Council removes four sites from Housing Element Update
In an impassioned meeting that began on the evening of June 20 and lasted into the early morning hours the next day, Encinitas City Council members agreed with a state housing agency to remove two controversial sites for zoned future development from its draft Housing Element Update.
At just about 2 a.m. June 21, the council voted in favor of removing two of three HCD-recommended sites, as well as two additional, contested sites. Mayor Catherine Blakespear and Council member Tasha Boerner Horvath opposed the motion.
Encinitas submitted its draft update to the California Department of Housing and Community Development (HCD) in April and sent revisions over the next couple months. In a letter dated June 12, HCD recommended to the city council to not consider the Armstrong parcels on El Camino Real in New Encinitas, the El Camino Real south parcel in New Encinitas and the Dewitt property at 1900 North Coast Highway 101 in Leucadia. The state agency cited ongoing uses at the sites, lack of owner interest and environmental concerns as possible constraints. But Councilmember Tony Kranz, who made the motion, argued the Armstrong parcels should be kept on the list, while the other two should be removed.
In addition to the elimination of the El Camino Real South parcel and Dewitt property, Kranz also recommended removing the former Frog’s Gym site at 780 Garden View Court and a site on Rancho Santa Fe East in Olivenhain, with Deputy Mayor Joe Mosca and Council member Mark Muir agreeing. Both added sites received strong vocal opposition from residents at the meeting.
Boerner Horvath contested that removing the sites would mean the city would not meet state-mandated laws, such as at least 51 percent of sites being on vacant land, and the city also would not have a strong enough buffer.
Encinitas must zone for 1,141 more homes, a 6.4 percent increase from the city’s existing 25,000 homes. HCD and legal counsel have additionally recommended a buffer of about 450 homes to allow for possible future changes.
Kranz argued the removal of his proposed sites could still allow for a 20 percent buffer.
Boerner Horvath shared concerns that the council would ask the voters to decide on a concept that could possibly violate state law.
Kranz argued that removing the site was the best option for voter approval and the city could make its case in court. The city is currently involved in three lawsuits regarding a lack of affordable housing.
“In the end, what I think we owe the community is something that can pass,” Kranz said.
Mayor Catherine Blakespear argued adopting the HCD’s recommended plan — without Kranz’s added sites — as the city’s best choice despite more than four hours of opposition regarding various properties on the housing element. Blakespear added that the council will have to revisit the housing element in 2020 to adhere to updated state standards.
“We have to start biting at this apple because we have to realize 2,000 more units will come to us in months,” she said.
More than 90 residents shared their various concerns for several sites in the proposed housing element update, including the Rancho Santa Fe East location, the former Frog’s Gym site on Garden View Court, the “Cannon Property” on Piraeus near Capri Elementary School and the “Meyer Property” on Clark Avenue. Petitions were submitted for the removal of the Rancho Santa Fe East and Cannon sites.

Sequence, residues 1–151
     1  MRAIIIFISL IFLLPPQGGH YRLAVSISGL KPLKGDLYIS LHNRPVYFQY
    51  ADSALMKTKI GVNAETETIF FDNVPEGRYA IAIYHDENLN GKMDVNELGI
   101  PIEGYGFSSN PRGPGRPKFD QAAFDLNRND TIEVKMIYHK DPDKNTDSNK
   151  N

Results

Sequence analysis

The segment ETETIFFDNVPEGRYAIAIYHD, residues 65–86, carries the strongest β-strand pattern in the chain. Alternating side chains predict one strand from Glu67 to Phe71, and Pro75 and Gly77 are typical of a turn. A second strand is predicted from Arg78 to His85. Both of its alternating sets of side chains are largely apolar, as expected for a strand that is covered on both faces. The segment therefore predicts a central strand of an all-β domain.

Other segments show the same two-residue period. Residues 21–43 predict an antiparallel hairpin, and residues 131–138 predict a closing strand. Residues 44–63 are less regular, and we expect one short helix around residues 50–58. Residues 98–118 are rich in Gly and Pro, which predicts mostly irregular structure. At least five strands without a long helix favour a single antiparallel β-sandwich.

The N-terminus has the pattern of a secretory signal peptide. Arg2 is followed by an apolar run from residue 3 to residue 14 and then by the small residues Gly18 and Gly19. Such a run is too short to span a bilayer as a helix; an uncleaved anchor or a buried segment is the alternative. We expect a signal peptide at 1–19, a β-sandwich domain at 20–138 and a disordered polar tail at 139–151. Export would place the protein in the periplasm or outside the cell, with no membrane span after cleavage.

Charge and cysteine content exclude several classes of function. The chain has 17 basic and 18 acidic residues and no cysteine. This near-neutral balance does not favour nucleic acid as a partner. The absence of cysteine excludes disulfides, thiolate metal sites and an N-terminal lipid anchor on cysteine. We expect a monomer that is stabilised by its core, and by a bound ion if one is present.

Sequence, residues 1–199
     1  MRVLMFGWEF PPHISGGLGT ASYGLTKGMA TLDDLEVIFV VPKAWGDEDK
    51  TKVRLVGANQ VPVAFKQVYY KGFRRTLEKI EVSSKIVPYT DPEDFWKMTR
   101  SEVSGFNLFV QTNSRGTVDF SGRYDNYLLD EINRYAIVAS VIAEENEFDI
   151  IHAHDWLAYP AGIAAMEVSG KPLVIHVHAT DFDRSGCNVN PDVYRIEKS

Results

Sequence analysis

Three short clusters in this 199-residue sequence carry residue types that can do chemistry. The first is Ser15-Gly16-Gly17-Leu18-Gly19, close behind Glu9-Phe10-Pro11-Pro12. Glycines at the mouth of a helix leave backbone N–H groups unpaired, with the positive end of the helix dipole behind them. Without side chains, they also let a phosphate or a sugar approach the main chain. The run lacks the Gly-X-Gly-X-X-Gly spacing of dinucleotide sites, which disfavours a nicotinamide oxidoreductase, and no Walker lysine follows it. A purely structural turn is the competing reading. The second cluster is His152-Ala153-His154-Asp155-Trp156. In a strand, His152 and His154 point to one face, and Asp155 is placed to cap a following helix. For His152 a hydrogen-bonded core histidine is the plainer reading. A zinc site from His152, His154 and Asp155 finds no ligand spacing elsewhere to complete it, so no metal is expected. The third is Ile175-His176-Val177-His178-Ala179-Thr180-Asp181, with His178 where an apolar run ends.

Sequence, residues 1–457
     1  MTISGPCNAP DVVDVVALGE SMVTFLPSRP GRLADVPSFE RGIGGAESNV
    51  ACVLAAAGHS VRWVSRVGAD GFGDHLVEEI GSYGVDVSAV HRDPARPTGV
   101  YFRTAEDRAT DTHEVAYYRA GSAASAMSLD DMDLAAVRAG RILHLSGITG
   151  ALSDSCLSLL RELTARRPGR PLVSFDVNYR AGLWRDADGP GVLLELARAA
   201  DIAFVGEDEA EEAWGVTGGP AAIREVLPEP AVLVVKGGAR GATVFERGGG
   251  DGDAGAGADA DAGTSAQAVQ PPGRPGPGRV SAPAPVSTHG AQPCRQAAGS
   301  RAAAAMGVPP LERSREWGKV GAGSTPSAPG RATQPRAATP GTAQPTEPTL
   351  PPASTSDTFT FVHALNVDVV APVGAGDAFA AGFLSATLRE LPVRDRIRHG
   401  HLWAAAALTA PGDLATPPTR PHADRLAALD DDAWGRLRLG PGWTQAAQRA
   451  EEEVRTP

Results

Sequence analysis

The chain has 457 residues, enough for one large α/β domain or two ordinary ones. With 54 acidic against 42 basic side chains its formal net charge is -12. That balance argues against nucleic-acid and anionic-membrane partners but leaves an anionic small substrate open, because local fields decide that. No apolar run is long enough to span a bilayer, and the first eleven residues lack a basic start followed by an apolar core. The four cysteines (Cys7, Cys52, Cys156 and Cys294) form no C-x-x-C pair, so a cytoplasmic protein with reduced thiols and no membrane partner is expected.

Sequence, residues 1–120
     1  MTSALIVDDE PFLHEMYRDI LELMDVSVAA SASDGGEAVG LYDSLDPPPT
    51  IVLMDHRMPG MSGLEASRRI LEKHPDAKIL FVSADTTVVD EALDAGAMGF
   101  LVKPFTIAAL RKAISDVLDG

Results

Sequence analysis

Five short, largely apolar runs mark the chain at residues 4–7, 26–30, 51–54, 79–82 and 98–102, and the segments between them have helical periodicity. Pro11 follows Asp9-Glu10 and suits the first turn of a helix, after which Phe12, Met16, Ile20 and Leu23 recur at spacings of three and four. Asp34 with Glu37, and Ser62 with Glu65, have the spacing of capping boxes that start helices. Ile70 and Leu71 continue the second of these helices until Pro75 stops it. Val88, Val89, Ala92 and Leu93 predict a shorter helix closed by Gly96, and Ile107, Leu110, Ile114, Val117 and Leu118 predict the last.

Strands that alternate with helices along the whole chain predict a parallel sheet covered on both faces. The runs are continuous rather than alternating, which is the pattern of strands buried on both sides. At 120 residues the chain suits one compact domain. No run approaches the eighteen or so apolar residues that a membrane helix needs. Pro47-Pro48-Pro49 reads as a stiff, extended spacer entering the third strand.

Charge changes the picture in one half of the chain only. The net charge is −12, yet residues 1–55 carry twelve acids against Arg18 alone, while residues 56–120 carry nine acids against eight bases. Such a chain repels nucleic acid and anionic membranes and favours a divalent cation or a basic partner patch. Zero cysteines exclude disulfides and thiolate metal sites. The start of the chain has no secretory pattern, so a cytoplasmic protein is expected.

But some residents also encouraged the council to pass its housing element despite the disapproval so the city can spend more money on other areas of concern, like infrastructure and roads.
“I want us to think of the community, not so much what’s happening specifically in our backyards,” said resident Christine Schindler.
Encinitas is the only city in San Diego County without a housing element, a required document that spells out how a city proposes to rework its zoning to accommodate its future housing needs, particularly those of low-income people. The city’s original plan, which it is still working off of, was created in the 1990s.
Encinitas’ last attempt at a housing element, Measure T, failed in the November 2016 election. The current proposed plan is the city’s third since 2012, Blakespear noted.
At the June 20 meeting, resident Peter Stern considered the latest housing attempt as “the son of Measure T” except even “more onerous” and “burdensome.”
“It is said that the definition of insanity is doing the same thing again and expecting a different result,” Stern said, encouraging the council to prioritize its residents and not segregate affordable housing tenants. “We don’t want stigma. We want a happy family. We need to open our hearts to what the community wants, not what the developers say they need.”
Blakespear argued the city does a good job at balancing residents throughout neighborhoods and once again shared the importance of passing the housing element to avoid more litigation.
More than $900,000 has been spent on court fees in the three lawsuits so far, she said. At a court hearing April 30, Superior Court Judge Ronald Frazier granted Encinitas an extension until after the November election to rule on whether the city has failed to comply with state law and whether it should be forced to adopt a previously written plan.
“I think we need to stop that bleed and get ourselves out of the penalty box,” Blakespear said.
The city council plans to adopt its plan next month and take it to the voters this November.
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